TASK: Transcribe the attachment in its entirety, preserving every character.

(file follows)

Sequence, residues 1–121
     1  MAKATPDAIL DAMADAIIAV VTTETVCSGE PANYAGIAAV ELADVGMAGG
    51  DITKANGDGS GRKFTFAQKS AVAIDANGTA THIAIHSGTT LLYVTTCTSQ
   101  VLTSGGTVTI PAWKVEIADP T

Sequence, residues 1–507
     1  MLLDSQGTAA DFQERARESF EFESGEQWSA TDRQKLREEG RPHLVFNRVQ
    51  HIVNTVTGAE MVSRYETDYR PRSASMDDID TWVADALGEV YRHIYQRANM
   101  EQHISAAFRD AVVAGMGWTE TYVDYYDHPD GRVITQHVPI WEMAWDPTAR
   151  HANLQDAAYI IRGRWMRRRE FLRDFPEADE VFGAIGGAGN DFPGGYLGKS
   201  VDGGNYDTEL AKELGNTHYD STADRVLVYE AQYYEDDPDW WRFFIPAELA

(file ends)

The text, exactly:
Sequence, residues 1–121
     1  MAKATPDAIL DAMADAIIAV VTTETVCSGE PANYAGIAAV ELADVGMAGG
    51  DITKANGDGS GRKFTFAQKS AVAIDANGTA THIAIHSGTT LLYVTTCTSQ
   101  VLTSGGTVTI PAWKVEIADP T

Sequence, residues 1–507
     1  MLLDSQGTAA DFQERARESF EFESGEQWSA TDRQKLREEG RPHLVFNRVQ
    51  HIVNTVTGAE MVSRYETDYR PRSASMDDID TWVADALGEV YRHIYQRANM
   101  EQHISAAFRD AVVAGMGWTE TYVDYYDHPD GRVITQHVPI WEMAWDPTAR
   151  HANLQDAAYI IRGRWMRRRE FLRDFPEADE VFGAIGGAGN DFPGGYLGKS
   201  VDGGNYDTEL AKELGNTHYD STADRVLVYE AQYYEDDPDW WRFFIPAELA